Table 16. Most Important Nontariff Barriers to Trade for Fruits and Vegetables with Latin America, Based on Percentages of Total Responses.
Restrictions Exports Imports
———percent———
Food Safety Regulations 39.37 41.54
Maturity, Color, Appearance 27.53 28.44
Size 17.08 20.75
Other 16.02 9.27
Note: Percentages calculated by number of responses. Method used came from Hogg and Craig, 1978, pp. 269-278.
Source: Results from survey of U.S. companies.

Food Safety Inspection

Since food safety regulations are such an important part of the nontariff barrier category, it should be of interest to know exactly where the food safety inspection took place. For example, if most of the inspections occur at the point of entry, such procedures could compound the inefficiencies imposed by trade barriers in the form of untimely delays which can be critical for highly perishable commodities. Locational information for food safety inspections is provided in table 17. The results indicate that for imports the inspection occurred over half of the time at the port of entry. The rest of the time the inspection for imports took place mainly at the farm or export terminal. The other site mentioned was the customer's plant or warehouse. The sites for inspection of exports were more evenly spread. More than 35 percent of the responses indicated on-farm inspection, almost one-fourth of the time at the export terminal, and about 34 percent at the port of entry. The other sites were not specified by the respondents. To the extent that inspections are concentrated at a central location such as the port of entry, serious and costly inefficiencies may result. The evidence suggests that this may be the case.

Table 17. Responses for Location of Final Food Safety Inspection for Trade in Fruits and Vegetables with Latin America.
Location Exports Imports
———percent———
Port of Entry 33.77 50.77
Farm 35.41 21.40
Export Terminal 24.58 24.16
Other 6.24 3.67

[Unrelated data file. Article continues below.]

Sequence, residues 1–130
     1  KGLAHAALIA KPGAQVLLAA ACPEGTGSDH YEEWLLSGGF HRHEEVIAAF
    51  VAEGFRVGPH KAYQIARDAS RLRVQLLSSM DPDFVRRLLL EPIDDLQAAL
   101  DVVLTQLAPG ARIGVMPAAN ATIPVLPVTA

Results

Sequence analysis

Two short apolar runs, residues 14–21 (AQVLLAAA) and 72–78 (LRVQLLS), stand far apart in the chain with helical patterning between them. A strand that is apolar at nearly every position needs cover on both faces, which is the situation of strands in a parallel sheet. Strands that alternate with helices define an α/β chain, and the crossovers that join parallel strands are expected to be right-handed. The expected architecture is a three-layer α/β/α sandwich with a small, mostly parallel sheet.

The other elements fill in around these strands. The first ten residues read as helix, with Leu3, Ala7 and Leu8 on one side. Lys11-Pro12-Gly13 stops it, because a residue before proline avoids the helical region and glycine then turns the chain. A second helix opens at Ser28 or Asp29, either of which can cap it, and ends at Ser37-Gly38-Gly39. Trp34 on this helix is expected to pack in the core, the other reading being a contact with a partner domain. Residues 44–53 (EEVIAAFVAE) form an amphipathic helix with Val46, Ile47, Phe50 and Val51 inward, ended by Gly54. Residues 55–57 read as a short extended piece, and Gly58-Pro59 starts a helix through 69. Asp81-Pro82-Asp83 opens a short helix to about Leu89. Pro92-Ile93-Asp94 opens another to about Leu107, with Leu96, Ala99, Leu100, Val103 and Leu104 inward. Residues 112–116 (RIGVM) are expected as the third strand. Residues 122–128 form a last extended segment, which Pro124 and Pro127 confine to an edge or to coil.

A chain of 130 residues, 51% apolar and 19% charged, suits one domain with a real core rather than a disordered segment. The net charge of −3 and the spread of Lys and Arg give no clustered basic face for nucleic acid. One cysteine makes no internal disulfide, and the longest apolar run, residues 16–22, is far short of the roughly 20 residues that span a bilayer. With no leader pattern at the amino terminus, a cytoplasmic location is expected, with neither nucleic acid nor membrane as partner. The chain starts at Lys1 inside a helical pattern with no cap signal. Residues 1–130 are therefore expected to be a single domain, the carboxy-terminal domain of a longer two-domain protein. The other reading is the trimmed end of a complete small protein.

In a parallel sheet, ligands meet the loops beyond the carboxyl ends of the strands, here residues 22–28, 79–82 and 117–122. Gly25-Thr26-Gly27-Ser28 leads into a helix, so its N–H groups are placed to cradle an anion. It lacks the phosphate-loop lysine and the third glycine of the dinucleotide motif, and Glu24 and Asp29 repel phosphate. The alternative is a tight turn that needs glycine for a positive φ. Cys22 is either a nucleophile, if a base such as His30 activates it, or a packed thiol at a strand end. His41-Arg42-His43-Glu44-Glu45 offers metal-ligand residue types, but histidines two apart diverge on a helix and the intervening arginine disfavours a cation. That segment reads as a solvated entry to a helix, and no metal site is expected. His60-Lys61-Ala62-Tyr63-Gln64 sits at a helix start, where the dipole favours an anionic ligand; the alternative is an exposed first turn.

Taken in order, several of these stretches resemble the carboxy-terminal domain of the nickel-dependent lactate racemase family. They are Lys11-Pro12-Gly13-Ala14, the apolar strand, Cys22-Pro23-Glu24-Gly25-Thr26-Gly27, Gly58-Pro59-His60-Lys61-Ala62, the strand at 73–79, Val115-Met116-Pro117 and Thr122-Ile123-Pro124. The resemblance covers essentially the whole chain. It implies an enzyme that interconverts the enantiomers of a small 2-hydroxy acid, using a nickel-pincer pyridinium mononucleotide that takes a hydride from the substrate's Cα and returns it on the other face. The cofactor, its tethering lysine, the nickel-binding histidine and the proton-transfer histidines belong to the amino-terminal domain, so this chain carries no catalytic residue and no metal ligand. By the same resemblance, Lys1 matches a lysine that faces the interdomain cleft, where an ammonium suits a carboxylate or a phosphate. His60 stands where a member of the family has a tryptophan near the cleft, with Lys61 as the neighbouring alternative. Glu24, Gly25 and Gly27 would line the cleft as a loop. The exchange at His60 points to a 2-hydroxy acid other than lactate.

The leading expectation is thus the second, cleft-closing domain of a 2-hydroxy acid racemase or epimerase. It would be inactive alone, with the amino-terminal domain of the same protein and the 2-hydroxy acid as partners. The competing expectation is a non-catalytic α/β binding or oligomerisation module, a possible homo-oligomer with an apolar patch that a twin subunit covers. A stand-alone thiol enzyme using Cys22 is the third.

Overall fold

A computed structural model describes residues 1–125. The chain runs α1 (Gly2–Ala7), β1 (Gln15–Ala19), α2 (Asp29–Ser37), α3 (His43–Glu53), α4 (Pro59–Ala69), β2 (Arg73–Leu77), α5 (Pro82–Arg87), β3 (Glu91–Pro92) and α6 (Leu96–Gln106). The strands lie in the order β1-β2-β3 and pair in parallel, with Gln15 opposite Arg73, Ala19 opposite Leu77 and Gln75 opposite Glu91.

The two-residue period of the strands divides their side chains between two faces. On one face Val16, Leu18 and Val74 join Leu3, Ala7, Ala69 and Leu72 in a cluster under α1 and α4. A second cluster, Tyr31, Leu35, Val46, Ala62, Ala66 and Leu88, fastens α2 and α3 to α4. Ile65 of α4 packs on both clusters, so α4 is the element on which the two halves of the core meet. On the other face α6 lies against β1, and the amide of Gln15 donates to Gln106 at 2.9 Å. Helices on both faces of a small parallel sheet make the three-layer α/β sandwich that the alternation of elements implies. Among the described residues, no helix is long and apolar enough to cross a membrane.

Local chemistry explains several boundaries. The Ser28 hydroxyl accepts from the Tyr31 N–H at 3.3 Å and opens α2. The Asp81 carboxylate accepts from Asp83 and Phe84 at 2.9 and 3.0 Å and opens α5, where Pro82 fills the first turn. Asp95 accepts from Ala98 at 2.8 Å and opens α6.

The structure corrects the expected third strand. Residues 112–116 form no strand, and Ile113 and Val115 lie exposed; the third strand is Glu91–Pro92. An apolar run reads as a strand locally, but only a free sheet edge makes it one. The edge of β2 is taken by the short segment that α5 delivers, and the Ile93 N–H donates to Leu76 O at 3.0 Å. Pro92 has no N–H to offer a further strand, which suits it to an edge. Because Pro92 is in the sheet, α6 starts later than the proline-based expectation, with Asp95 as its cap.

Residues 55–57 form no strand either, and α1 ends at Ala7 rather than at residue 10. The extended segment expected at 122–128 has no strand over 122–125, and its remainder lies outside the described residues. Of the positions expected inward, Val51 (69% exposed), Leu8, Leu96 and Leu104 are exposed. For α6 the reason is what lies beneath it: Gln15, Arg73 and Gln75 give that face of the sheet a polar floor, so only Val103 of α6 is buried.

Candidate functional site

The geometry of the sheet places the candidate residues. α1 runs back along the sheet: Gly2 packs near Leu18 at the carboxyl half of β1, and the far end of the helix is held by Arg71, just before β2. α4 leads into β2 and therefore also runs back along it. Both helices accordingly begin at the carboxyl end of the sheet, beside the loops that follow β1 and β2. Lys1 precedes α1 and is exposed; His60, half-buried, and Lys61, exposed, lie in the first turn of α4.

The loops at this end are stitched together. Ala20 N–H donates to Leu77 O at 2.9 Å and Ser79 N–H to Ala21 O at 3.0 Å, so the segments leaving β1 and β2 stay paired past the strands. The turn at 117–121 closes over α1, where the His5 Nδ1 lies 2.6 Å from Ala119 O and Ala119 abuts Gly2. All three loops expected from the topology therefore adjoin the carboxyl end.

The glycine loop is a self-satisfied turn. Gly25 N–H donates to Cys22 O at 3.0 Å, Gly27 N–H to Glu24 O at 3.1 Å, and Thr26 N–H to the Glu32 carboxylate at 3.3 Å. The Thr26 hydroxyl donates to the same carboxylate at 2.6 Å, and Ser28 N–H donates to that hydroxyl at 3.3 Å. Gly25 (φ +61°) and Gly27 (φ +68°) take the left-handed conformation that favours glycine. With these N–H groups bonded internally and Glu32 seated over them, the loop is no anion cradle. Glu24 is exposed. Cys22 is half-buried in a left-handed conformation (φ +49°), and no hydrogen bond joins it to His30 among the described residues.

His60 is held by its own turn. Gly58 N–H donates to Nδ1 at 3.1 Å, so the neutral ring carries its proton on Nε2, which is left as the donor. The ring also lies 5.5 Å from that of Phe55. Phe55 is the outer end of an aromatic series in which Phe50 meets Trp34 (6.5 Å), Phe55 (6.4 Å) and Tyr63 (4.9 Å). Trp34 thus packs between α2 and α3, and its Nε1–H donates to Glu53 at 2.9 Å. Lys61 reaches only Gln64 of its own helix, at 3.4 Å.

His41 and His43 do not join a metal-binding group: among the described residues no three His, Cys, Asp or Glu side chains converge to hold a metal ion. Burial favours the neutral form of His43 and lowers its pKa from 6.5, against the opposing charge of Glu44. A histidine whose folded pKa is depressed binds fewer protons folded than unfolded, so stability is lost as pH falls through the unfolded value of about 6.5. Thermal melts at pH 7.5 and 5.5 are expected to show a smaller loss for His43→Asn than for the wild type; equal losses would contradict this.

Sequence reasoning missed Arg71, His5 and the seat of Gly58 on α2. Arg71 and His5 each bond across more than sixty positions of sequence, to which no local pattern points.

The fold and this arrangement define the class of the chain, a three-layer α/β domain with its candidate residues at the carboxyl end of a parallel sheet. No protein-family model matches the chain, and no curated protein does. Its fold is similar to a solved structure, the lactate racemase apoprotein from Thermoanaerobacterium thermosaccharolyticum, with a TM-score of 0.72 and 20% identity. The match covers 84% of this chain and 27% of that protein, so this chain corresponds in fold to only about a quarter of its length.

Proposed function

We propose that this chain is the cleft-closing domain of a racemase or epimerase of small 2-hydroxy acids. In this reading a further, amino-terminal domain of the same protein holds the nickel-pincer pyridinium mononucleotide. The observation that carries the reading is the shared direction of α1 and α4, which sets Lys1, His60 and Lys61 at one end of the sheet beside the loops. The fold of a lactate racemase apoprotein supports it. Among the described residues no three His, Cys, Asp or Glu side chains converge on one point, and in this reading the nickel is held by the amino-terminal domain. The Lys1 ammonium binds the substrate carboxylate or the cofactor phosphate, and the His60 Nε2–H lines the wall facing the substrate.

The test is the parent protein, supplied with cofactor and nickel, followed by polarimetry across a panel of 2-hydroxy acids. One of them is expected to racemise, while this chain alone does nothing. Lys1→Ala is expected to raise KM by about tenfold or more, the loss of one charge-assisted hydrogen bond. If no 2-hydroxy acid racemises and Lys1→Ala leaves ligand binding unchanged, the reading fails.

Note: Percentages calculated by number of responses. Method used came from Hogg and Craig, 1978, pp. 269-278.
Source: Results from survey of U.S. companies.

Latin American Company Responses

This section is a presentation of survey results taken from the 46 questionnaires received from Latin American companies engaged in fruit and vegetable trade with the United States. The organizational structure of these companies reveals that a U.S. presence was smaller than the Latin American presence in U.S. companies (tables 3 and 18). Survey respondents were almost equally divided among individual owners, partnerships, and corporations (table 18). All individual owners were nationals of the country where the business was located. For the partnerships, only one company had among its owners a U.S. citizen. Only one corporation was partly and another wholly U.S. owned. None of the survey respondents were cooperatives.

Table 18. Organizational Structure of Latin American Companies.
Structure Frequency Affiliation Frequency
Individual Owner 16 (34.04%) Citizenship
Mexico 8 (50.00%)
Costa Rica 4 (25.00%)
Venezuela 2 (12.50%)
Panama 1 (6.25%)
Guatemala 1 (6.25%)
Partnership 16 (34.04%) U.S. Partner?
Yes 1 (6.25%)a
No 15 (93.75%)
Corporation 15 (31.91%) Share Owned by U.S. company
0.00% 13 (86.67%)
50.00% 1 (6.67%)b
100.00% 1 (6.67%)c
Cooperative 0 (0.00%)
a U.S. citizen in Costa Rican partnership.
b U.S. company owns 50% of Mexican corporation.
c U.S. company owns 99% of Mexican corporation.
Source: Results from survey of Latin American companies.

Latin American companies responded very similarly to U.S. companies as to how they carried out sales and purchases of fruits and vegetables internationally. Direct trade for imports or exports was preferred over indirect trade. This was also the response from U.S. companies (table 19). Also for Latin firms, the most frequently used method was the wholesale distributor for exports, followed by an agent and then a retail outlet. The "other" methods of direct selling used were unspecified. For imports, it was the same situation with the wholesale distributor being utilized most, while agents were second. Latin American respondents did not purchase (import) from retail outlets. No other means of importing was reported by Latin American respondents.

Table 19. Method of Sales to and Purchases from United States.
Transaction Method of Transaction Frequency
Sales (Exports)
Direct 20 (60.61%)
Wholesale Distributor 10 (50.00%)
Agent 6 (30.00%)
Retail Outlet 1 (5.00%)
Other 3 (15.00%)
Indirect 13 (39.39%)
Purchases (Imports)
Direct 21 (80.77%)
Wholesale Distributor 12 (57.14%)
Agent 9 (42.86%)
Retail Outlet 0
Other 0
Indirect 5 (19.23%)
Note: Percentages calculated by number of responses.
Source: Results from survey of Latin American companies.